Besides water chemistry and cleaning, the other routine pool maintenance job is servicing the filter. There are 3 basic filter types.
1. Sand Filter
Below is a photo of a Hayward Sand Filter with a top mounted multiport valve.
The sand filter is the most common filter type found in the Tulsa area, and is the favorite of all of our service techs. It is easily cleaned by backwashing which is reversing the flow of water through the filter so that the dirt and debris, which has become trapped on the bed of sand inside the filter, is rinsed out of the filter. The sand in a sand filter (#20 silica sand; 45 - 55 mm) is specially graded to trap particles in the 20 - 100 micron range. As a sand filter collects dirt, its efficiency increases, trapping more dirt.
"When should a sand filter be backwashed?"
The pressure gauge can tell you. After a good backwash, return the filter to its normal filtering mode, and while the pump is running, note the pressure reading. This is called the clean pressure measured in pounds per square inch (PSI). When this gauge reads 8-10 PSI greater than clean pressure, it's time to backwash.
"When should the old sand be replaced?"
As a rule of thumb, we say about every 5 years or so. However, we have seen pools that look great with older sand than that in the filter.
Sometimes we find pools that can't have a normal vacuum job done without having to be backwashed a couple of times. Sand filters that are acting like that definitely need a sand change.
Sometimes we see weekly vacuum jobs where normal size debris is passing right through the filter and blowing through the returns into the pool. We say the sand bed is "channeling" and sand change is a must in this case.
2. Diatomaceous Earth (D.E.) Filter
The D.E. filter is the most efficient type of pool filter on the market,but it is labor intensive. It can trap particles down to 3 - 5 microns; well below what the naked eye can see. As with sand filters, the pressure gauge indicates a need for backwashing when it reads 8 - 10 lbs. higher than its clean reading. After backwashing a D.E. filter, a new application of D.E. filter powder is added to the filter by pouring into the skimmer. An annual breakdown of the filter is necessary to thoroughly clean D.E. filter grids.
We don't recommend D.E. filters bacause they are a not user friendly compared to sand filters. Who wants to mess with storing and adding D.E. powder and taking apart the filter for cleaning when a sand filter is so much easier and effective? We can show you pools all over the Tulsa Metro area that look fantastic using sand filters.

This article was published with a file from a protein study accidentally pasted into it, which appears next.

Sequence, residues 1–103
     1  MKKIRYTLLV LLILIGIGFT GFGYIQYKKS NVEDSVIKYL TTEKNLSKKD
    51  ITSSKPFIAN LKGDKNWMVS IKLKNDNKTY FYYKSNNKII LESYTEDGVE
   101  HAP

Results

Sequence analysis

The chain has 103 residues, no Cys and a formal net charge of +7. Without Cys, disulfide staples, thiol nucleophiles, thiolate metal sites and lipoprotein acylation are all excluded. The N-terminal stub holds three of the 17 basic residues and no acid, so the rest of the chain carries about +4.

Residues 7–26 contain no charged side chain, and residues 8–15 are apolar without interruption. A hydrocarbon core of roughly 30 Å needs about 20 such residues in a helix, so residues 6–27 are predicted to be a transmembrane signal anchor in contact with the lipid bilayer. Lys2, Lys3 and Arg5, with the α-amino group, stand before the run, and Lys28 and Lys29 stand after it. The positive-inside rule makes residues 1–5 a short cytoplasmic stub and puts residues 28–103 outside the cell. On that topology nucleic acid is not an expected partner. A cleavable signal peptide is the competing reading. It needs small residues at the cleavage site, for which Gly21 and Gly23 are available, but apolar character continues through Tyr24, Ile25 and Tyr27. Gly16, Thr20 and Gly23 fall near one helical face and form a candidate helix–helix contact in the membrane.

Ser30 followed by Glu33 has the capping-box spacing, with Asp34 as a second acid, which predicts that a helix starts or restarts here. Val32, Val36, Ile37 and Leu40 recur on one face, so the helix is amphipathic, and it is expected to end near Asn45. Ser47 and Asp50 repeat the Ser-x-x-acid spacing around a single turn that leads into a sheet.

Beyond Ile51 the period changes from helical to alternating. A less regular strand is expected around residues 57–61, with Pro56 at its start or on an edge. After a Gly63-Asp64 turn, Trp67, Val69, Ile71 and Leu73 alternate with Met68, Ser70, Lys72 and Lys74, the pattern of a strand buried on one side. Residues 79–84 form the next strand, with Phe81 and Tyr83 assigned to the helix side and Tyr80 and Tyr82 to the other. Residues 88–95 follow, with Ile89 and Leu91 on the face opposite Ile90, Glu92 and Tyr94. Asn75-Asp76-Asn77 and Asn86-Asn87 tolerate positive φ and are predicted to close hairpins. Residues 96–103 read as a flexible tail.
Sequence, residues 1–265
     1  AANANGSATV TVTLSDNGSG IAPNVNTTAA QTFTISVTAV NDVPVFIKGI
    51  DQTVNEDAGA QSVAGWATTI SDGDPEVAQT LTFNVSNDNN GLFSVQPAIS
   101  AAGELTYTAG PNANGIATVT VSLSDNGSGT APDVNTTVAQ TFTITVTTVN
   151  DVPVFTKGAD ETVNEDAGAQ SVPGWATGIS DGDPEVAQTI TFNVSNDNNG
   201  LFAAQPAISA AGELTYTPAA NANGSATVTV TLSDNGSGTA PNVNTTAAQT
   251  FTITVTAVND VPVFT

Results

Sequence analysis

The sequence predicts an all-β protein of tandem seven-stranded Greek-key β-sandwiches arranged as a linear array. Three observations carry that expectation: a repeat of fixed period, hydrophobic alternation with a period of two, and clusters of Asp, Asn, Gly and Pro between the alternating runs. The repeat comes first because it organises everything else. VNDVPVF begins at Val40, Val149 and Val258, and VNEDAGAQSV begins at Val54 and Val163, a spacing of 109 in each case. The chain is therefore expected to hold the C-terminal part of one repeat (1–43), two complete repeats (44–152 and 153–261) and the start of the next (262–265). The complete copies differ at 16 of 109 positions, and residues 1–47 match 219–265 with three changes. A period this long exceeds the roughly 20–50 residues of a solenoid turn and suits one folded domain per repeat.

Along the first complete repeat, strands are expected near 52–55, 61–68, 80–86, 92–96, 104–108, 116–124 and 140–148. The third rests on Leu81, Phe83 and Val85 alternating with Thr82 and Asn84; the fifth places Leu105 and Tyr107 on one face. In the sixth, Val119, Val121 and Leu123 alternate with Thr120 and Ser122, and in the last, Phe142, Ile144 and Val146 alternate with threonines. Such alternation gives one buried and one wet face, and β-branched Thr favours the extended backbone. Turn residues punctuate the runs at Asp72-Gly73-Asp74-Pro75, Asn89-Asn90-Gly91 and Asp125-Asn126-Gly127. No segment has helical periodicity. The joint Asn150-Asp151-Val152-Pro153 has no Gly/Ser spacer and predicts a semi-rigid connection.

"Why is there D.E. powder in my pool?"
You either have holes in the fabric of the grids, or a crack in the manifold that the grids attach to. It can also mean a broken air bleeder tube or assembly. Finally, D.E. in the pool can mean that the multiport or push-pull valve is allowing powder to bypass the filter.
Metro Pool Service charges $79.00/hr for D.E. filter repair, cleaning, and re-assembly.
3. Cartridge Filter
The cartridge filter element, much like the pleated air cleaner in your car, traps dirt and particles of 25 - 100 microns in size. The cartridge is removed from the tank and hosed thoroughly, top to bottom, with a high pressure hose to remove dirt when the pressure gauge rises 8 - 10 lbs. above its clean reading.
Some people take their cartridges to the local self serve car wash for cleaning. Each time the filter is cleaned, some of its filtering ability is reduced. The cartridge should be replaced every 2 - 5 yrs, depending on the work it was asked to do. If the filter was a bit undersized, and had some algae every year and lots of tree debris, etc. then it may last only 1 - 2 years.
Correctly sized cartridge filters can operate for up to 6 months between cleanings, but most of the ones we have seen need cleaned every few months. Our opinion is that these filters are, like D.E. filters, labor intensive compared to the very effective Sand Filter.
"How do I Backwash my Cartridge Filter?"
You don't. There is no backwash valve on a cartridge filter because today's pool filter cartridges aren't built for backwards flow. Instead, the pump is shut off, air bleeder opened, lid removed, cartridge removed, hosed thoroughly top to bottom, and replaced.
Metro Pool Service charges $79.00/hr for cartridge filter repair, cleaning, and re-assembly.
"How long should I run my filter each day?"
As much time as it takes to turn the whole pool water volume through the filter at least once every 24 hrs. In other words, if your pool is 30,000 gal. and your pump is pumping 50 gal/min. this is the calculation. 50 gal/min.x 60 min = 3000 gal/hr. 30,000 gal. divided by 3000 gal/hr.= 10 hrs. run time to filter the whole pool.
Many people run their systems 24 hours per day. The average (I would guess) would be about 12 hours. However, the right number of hours of pumprun time depends on your pool. Undersized filter? High pool Use? Large Debris Load? Heavy Sunlight? Any of these factors call for extra filtering. If you're too frugal with the electricity, your electric bill will look great, but your pool won't!
Remember: filtration + water chemistry + circulation = clear pool water
Our Advice....Get a Sand Filter!